As you may no doubt have noticed on the blog recently, I’ve been picking up the threads of my Black Library reading, first with the Beast Arises series and then with some other stuff the reviews for which will be going up in the coming days. Back in the day, sometime around 2014, I was very much immersed in the publisher’s output, having been a fan for eleven-plus years at that point, but then I dropped off and my reading was rather fragmentary. Now, the ride back has been pretty awesome and intense, and all the upcoming material for the next three months that we’ve been shown has gotten me excited all over again.
Check after the break to see what novels and short stories and audio dramas and more Black Library has coming up in the next few months! This is a curated list of products that I can very well see myself picking up and going through.
Black Library has had a fairly strong audio range for several years, thanks in part to the excellent work done on the Horus Heresy audios. Two years back the publisher began releasing short 8-10minute audios as well, in addition to its longer range, and they too proved fairly successful. First with Big Finish and then with Heavy Entertainment, several characters and stories have been brought to audio life by the publisher, whether we talk Warhammer 40,000 or Warhammer Fantasy Battles, and it has been a truly great experience, with very few missteps along the way.
Joining the publisher’s ever-growing audio catalog is this month’s The Tranzia Rebellion radio play. Where this is now audio format differs from the usual audio dramas and audiobooks is that there is absolutely zero narration. Everything is with the characters with no narrative commentary or some such. The first two episodes, penned by C Z Dunn (formerly editor at Black Library and now working for the parent company Games Workshop) and produced by Heavy Entertainment, are really good. They are scene-setting installments of course, but still they quickly establish the characters and the story, with the voice-acting being diverse and enjoyable.
So I have been absent off the blog for a while. My apologies.
It has been a busy couple of weeks. Quite busy. You see, I have been having a blast with the Bolthole forums. The community there is just tremendously great. And the amount of sheer talent over there is unbelievable. Not to mention that there are forums dedicated to asking some of the authors almost any questions relating to their work with BL or their experiences as writers. Even some of the BL staff hang out there sometimes! It is fabulous to say the least.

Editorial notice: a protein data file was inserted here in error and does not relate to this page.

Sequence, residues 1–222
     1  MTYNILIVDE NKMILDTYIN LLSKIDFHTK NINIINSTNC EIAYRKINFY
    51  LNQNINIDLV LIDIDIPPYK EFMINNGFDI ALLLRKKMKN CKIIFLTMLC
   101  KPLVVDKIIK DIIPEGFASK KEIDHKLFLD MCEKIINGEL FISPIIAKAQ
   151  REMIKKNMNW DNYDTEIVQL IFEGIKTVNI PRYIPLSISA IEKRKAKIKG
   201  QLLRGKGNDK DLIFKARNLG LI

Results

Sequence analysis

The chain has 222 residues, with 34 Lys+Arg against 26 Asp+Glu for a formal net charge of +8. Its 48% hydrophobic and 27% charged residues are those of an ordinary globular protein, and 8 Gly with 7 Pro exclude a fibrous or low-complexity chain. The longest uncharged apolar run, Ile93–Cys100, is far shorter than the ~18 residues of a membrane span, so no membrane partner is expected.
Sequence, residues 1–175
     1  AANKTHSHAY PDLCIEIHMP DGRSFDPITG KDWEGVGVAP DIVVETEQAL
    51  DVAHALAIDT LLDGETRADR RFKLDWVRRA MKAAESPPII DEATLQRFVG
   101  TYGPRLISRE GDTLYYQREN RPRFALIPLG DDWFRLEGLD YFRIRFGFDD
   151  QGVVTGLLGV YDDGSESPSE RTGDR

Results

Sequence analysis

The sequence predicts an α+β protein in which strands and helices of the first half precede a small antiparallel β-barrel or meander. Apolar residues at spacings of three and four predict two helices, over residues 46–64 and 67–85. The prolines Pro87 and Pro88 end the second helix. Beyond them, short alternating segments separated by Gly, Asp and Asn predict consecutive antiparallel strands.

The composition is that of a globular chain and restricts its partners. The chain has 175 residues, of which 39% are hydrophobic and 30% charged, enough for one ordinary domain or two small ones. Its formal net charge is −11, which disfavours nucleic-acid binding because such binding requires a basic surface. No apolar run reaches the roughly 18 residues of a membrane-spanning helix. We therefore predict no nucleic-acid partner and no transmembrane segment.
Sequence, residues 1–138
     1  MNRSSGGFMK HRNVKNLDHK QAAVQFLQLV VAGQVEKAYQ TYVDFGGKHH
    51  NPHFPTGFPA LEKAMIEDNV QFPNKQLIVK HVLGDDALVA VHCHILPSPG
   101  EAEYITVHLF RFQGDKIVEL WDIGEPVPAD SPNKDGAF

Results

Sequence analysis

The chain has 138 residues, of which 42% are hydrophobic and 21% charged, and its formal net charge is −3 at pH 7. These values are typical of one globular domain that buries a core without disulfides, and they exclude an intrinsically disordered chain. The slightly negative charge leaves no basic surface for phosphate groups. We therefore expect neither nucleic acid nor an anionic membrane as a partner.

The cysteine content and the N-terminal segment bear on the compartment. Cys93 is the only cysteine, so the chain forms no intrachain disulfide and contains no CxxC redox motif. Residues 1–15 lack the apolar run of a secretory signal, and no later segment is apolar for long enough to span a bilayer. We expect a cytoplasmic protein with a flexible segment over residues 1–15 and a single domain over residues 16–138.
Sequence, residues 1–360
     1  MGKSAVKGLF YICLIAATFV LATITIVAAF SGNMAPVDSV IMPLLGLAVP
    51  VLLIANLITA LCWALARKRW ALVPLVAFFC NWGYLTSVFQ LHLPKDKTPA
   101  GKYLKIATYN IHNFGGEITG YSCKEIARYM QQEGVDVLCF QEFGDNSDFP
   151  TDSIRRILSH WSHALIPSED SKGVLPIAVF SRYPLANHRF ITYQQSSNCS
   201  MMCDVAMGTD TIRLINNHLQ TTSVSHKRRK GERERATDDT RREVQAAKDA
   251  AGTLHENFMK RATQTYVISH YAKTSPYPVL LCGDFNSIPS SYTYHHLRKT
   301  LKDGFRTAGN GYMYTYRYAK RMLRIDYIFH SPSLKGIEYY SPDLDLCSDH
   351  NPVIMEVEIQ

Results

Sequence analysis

And most of all, a learning experience as I mentioned in my previous post. My success in getting the short story done and submitted (and hopefully accepted!) will be due to all these amazing people for the most part.
The other thing I have been busy with is particular to the Bolthole. A bunch of the forumites have gotten together to work out a campaign history for an Imperial crusade. Proud to say that I have done my share in contributing to the thread. And elated. Its been another learning experience. This time with the Tau.
And I have come to hate the Tau a little. Just a little, but enough.
You see, its their naming conventions. They are utter ridiculous to say the list and completely bonkers in my opinion. Take a look here. Nevertheless I persevered and came up with fairly simple eleven names for the campaign. Then the matter of fleet assets arose and I volunteered to do the Tau section. Here it gets even better. The convention for naming ships, according to Battlefleet Gothic, is thus: [Sept where vessel is built] [Vessel’s class name] [Personal name of first commander] [Personal name of current commander]. Hardly makes sense to me. Needless to say, the vessels I have come up with seem to be hardly any different from each other. They have no personality I guess. Compared to the names of Imperial vessels. Like the Vinco Redemptor of the Dark Angels, or Tycho of the Blood Angels, or the Lord Solar Macharius and the Guardian of Aquinas of the Imperial Navy. These names have a personality, they represent something. I just don’t see the same with the Tau.
Other than that though, it has been awesome. The Sable Swords strike force was fun to design with a minor discussion involving the use of a battle-barge versus a plain old strike cruiser. But thankfully, with effort, everything is justifiable. The Sororitas are proving to be a little daunting, given the severe lack of background on them really or how a lot of their units actually work on the battlefield. System designing was fun and intense – matching proper (and random) planets together is no easy task. Especially when you are working to a set idea. Its all moving along quite nicely and I am definitely excited with this.
Feel free to check out the thread here.